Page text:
Dessert time! Did it meet expectations? Absolutely! This game is an absolute blast to play! The art is phenomenal, the different cards and their rules give the game a lot of variety, it is genuinely fun to draw and play your Options strategically to come out on top, and there is an entertaining tension involved when your Options start to run low and you know you're going to have to risk a visit to Kiddie Corner. We give it a 10 for enjoyment, a 7 for the simple but highly original story/concept, a 7 for replayability, and a 10 for mechanics/rules. That's an 8.5 overall score from WYLD Gaming.

Anyone can pick up and play this fairly quickly with ease, and we absolutely love that the creators took the time to make the rules as clear as possible in interpretation. The final product will look even better with fully molded character pawns, player mats where options decks and discards will go, and the fourth player expansion included, and if you get involved in their Kickstarter campaign, you can get that and even more as a backer! If you'd like to visit their campaign and check it out for yourself, you can find it at https://www.kickstarter.com/projects/certifiablegames/endang....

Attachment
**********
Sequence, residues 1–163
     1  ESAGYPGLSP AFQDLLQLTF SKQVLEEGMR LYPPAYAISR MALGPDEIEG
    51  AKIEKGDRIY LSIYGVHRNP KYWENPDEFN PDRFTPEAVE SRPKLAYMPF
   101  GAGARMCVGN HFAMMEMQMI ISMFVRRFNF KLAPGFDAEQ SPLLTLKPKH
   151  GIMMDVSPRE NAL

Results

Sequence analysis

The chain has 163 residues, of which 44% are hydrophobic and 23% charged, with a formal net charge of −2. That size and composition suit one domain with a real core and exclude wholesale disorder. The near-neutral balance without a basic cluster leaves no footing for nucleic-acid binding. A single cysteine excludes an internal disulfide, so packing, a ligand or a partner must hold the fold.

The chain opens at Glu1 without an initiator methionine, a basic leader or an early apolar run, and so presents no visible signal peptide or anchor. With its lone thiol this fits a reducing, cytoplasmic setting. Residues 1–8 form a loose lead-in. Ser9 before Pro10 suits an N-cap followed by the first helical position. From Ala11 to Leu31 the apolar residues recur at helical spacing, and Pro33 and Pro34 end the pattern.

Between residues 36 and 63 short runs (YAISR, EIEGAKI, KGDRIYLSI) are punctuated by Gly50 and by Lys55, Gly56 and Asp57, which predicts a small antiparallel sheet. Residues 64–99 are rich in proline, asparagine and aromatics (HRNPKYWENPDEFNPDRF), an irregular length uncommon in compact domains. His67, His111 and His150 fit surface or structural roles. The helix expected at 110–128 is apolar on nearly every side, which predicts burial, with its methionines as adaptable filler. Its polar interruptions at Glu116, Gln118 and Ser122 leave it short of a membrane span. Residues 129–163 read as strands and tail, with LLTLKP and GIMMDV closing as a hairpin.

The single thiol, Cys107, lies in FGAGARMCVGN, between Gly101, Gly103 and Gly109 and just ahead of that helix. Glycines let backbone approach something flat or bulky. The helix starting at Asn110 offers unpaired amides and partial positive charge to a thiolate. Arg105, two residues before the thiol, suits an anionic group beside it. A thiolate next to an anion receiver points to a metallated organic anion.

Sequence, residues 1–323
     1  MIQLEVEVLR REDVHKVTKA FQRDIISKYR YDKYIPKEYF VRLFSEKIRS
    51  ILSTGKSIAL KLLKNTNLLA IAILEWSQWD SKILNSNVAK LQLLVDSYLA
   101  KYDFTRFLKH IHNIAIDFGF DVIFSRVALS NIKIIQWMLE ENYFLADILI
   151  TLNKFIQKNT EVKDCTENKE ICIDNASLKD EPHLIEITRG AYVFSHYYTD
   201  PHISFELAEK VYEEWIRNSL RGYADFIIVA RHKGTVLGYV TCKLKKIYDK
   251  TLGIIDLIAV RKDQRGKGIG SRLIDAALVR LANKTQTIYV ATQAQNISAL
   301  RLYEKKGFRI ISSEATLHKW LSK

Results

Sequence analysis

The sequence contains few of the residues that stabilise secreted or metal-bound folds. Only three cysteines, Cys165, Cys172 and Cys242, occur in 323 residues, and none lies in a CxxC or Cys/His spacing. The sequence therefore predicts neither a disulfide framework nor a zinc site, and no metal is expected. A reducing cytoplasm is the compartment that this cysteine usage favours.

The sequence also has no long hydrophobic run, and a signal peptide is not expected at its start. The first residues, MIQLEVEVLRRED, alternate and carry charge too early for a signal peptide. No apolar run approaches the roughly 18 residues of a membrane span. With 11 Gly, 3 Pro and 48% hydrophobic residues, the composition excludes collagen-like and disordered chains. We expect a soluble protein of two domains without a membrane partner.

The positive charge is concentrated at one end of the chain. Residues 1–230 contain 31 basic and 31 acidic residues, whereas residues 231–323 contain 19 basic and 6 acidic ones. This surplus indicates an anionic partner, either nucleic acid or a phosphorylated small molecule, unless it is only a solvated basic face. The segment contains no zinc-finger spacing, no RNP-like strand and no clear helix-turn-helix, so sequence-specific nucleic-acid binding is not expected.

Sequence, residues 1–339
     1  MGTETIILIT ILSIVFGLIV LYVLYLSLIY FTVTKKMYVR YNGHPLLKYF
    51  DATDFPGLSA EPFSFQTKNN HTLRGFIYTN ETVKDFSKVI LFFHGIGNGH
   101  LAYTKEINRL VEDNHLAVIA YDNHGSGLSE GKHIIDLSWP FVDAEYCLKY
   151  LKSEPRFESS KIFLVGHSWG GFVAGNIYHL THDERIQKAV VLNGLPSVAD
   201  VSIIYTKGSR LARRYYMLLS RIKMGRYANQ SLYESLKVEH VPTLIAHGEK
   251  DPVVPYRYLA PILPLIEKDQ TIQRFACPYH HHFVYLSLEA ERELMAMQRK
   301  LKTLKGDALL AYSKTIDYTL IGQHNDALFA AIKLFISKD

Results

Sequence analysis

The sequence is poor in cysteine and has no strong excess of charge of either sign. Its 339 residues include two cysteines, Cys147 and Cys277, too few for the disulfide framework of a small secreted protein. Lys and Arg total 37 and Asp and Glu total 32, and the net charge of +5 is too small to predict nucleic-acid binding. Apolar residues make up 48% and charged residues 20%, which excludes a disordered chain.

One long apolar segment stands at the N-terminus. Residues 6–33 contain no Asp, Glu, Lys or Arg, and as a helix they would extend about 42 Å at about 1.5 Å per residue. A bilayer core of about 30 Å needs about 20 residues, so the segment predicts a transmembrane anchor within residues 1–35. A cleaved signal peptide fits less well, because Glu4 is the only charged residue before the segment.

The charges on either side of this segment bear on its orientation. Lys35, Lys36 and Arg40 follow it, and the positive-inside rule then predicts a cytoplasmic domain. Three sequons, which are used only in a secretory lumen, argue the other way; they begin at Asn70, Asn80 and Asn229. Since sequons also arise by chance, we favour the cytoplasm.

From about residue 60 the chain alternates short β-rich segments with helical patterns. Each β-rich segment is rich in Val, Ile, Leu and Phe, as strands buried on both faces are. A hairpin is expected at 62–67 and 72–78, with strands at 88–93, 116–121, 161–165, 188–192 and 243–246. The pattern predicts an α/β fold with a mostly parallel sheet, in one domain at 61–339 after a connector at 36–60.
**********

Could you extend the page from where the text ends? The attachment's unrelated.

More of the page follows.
Please note, this is a review of a game that is in pre-production meaning some mechanics, appearances, rules, and other components may change. WYLD Gaming was provided this copy for review purposes but was not otherwise compensated in any manner, nor were their words, results, or review scores influenced in any way by anyone outside of the author's own opinions and perspective. If you've enjoyed this review, we encourage you to share it with others to help WYLD Gaming get similar opportunities in the future while also helping the game being reviewed get more attention for their Kickstarter campaign. Thank you!

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Aaron JD Sturgill